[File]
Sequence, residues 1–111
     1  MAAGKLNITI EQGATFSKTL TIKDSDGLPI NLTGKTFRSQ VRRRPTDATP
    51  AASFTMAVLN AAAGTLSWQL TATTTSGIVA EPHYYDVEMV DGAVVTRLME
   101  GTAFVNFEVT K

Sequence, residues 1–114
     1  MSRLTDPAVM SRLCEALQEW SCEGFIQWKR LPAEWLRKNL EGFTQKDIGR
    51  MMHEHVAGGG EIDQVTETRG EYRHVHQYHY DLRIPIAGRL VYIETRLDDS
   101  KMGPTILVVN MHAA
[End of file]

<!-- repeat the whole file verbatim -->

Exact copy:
Sequence, residues 1–111
     1  MAAGKLNITI EQGATFSKTL TIKDSDGLPI NLTGKTFRSQ VRRRPTDATP
    51  AASFTMAVLN AAAGTLSWQL TATTTSGIVA EPHYYDVEMV DGAVVTRLME
   101  GTAFVNFEVT K

Sequence, residues 1–114
     1  MSRLTDPAVM SRLCEALQEW SCEGFIQWKR LPAEWLRKNL EGFTQKDIGR
    51  MMHEHVAGGG EIDQVTETRG EYRHVHQYHY DLRIPIAGRL VYIETRLDDS
   101  KMGPTILVVN MHAA